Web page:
Airport Express (2012)

A wireless router really isn't a very exciting thing. That is unless it has been put together by Apple. The new Airport Express is designed to look as good as your living room, and throw in a bit of extra Apple functionality you wouldn't normally get with a router.

Can Apple's reputation for ease of use translate over to the world of Wi-Fi? Will the day have finally come when we can get a stable and secure wireless connection at home that we can access in every room? 

Design

The Airport Express is a lot smaller than you think. It is just 98mm x 98mm x 23mm in size and weighs 240grams. This makes it a very unobtrusive little white box in your living room which is exactly what a router should be. Even if you are forced to place the thing in a where position it might be spotted, it still looks great with a white matte Apple logo on the top.

Think of it essentially as a white version of the Apple TV in terms of design, but with more rounded edges. As for connections, on the back of the Airport Express is a power cable, ethernet WAN port, ethernet LAN port and a USB port. There is also an analogue and optical audio output jack: this is used for the Airplay functionality we will talk about later. 

Other than that, there is a simple status light on the front of the Airport Express. No complex array of lights and symbols, just one simple light. Some might find this annoying, but for us it's a relief. When the Airport Express does have issues, everything can be managed from either your iPhone, iPad, Mac or PC.

Operation

Here is where the Airport Express gets really interesting. You can setup the box using an iPad or iPhone as well as by conventional means. This is something we have never seen before and makes the Airport Express into a very simple object to use.

Say you are the sort of person who has just bought an iPad but has no wireless internet at home, this is the perfect box to change that. It is such a simple set-up process that we can't see anyone, even the most computer illiterate, having problems with it.

All you need do is go in to the Wi-Fi settings on your iOS device, go to your Airport station, hit create a new network and that's it, everything works. In fact it is so much more straightforward we suggest using your iPad or iPhone over the Airport utility for Mac or PC. Multiple stations, linked up to an AirPort Extreme for example, can also be seen and managed using the iOS app. In fact you could run a pretty complex network from it.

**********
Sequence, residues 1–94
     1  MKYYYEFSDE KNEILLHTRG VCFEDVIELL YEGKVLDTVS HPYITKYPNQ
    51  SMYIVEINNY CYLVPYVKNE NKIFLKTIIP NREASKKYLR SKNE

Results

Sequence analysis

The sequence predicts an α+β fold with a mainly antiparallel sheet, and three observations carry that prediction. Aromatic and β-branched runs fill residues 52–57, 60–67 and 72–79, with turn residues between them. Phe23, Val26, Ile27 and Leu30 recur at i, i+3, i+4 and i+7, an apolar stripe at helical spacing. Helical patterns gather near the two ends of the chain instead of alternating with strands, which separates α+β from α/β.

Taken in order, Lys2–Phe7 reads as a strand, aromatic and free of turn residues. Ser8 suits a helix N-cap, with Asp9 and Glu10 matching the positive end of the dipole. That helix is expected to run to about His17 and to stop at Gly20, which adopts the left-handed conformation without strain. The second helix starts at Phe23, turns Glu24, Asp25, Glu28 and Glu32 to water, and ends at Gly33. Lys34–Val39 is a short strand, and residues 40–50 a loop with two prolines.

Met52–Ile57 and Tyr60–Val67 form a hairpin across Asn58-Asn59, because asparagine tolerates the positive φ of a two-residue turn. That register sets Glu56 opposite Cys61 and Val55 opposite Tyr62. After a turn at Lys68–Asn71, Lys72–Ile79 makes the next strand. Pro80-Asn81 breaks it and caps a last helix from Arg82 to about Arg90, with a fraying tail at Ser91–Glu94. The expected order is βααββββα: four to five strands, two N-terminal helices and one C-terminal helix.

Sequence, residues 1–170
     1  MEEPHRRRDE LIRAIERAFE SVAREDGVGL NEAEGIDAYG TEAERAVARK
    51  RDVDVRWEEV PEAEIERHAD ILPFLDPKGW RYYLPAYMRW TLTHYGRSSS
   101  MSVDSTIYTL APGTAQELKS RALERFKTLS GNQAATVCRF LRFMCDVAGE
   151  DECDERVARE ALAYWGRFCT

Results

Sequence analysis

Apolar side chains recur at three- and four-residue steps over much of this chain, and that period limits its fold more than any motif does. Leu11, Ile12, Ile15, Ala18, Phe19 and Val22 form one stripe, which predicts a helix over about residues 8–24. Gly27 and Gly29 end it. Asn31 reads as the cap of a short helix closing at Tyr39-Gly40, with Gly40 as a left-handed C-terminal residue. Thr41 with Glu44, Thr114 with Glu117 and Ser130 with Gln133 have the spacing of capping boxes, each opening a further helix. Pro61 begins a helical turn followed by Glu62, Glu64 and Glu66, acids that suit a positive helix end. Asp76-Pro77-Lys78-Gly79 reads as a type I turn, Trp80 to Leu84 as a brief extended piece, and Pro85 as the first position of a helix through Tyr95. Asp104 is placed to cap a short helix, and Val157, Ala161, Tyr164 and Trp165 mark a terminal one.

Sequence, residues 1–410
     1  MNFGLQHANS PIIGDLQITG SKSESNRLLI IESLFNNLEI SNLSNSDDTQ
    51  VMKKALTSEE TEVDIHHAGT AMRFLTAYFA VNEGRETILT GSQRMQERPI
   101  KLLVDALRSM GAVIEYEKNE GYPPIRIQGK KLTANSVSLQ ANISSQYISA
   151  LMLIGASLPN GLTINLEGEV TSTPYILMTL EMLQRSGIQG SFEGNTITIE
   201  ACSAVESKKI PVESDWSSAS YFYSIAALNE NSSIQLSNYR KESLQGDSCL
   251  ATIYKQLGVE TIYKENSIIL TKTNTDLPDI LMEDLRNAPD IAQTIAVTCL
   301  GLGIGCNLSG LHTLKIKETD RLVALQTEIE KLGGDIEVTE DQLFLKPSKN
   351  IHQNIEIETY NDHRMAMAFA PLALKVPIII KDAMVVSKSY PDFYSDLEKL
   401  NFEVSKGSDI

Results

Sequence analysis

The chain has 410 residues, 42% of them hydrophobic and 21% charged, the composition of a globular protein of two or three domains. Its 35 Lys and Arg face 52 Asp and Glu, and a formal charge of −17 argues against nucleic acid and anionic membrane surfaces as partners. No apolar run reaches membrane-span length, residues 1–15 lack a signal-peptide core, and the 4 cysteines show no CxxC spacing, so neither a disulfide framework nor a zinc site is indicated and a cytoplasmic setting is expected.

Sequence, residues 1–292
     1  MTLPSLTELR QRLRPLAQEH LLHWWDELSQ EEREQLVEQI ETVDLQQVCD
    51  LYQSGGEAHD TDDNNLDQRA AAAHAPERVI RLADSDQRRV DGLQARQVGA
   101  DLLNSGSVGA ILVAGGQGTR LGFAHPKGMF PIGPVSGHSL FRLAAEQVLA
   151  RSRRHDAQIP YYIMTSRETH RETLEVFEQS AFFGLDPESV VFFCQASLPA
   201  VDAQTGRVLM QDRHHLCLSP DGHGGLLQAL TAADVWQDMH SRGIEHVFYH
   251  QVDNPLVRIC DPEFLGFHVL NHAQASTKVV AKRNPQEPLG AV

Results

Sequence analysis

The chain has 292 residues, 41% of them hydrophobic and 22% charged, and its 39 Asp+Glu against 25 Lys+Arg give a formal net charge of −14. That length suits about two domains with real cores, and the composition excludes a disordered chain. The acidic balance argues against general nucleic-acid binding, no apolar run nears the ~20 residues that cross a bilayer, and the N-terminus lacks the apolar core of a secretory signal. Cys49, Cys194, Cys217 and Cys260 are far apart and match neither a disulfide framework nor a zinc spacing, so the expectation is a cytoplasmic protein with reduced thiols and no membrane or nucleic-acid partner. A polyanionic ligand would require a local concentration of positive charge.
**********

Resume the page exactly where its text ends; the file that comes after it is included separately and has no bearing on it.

We were having major issues getting Wi-Fi reception in our bedroom, so connected the Airport Express to a Time Capsule, the base network in our living room. This turned the Express into a simple network repeater but still allowed us to access our Time Capsule media.

The AirPlay functionality is also very easy to set up. We plugged a set of speakers into the back which then gave us access to all the music on our 3TB Time Capsule. The upshot is, we can play any songs we fancy in any room with a set of speakers and an AirPort Express. For those considering a Sonos multi-room system, it might be a better option to go for something like the AirPort Express, especially given it will boost your Wi-Fi signal whatever room it is placed in.

Also included is wireless printing, which is what the USB port on the back of the Express is for. Again set-up was simple, connecting a printer via USB and then sending whatever you want to it via AirPrint. This means you can print from things like an iPad or iPhone as well as a computer.

Connections and security

The AirPort Express wouldn't be much of a router if it wasn't secure. Thankfully it is. Apple has done plenty of work with Mountain Lion getting security up to scratch and this clearly has played a part in the thinking behind the new Express. A built-in firewall is turned on from the get-go to keep things as secure as possible.

We particularly like the ability of the Express to simulcast 2.4GHz and 5GHz bands. It means just about every single electronic device you own will be able to get the best possible connection, including of course iPads and iPhones. It might seem like a minor point, but you will notice it particularly with 5GHz n-type Wi-Fi compatible devices. 

One final way of connecting to the Express, designed for guests, is to create a separate network with no access to anything other than the internet. Useful if you run a small business and plan on having the Airport Express as a router.

Verdict

We can't really fault the Airport Express. In the end it's just a router. Even then Apple has managed to make something of beauty, turning the most boring piece of technology into a well-designed and easy to use advice.

It gets rid of all of the complexity of setting up a wireless network at home and comes with added functions such as AirPlay and wireless printing. A definite buy for us. Good enough as a router for your whole house, even better as a means to extend your wireless network. Pair it up with a Time Capsule and iTunes match and you have one of the best and simplest wireless home media setups we can think of.



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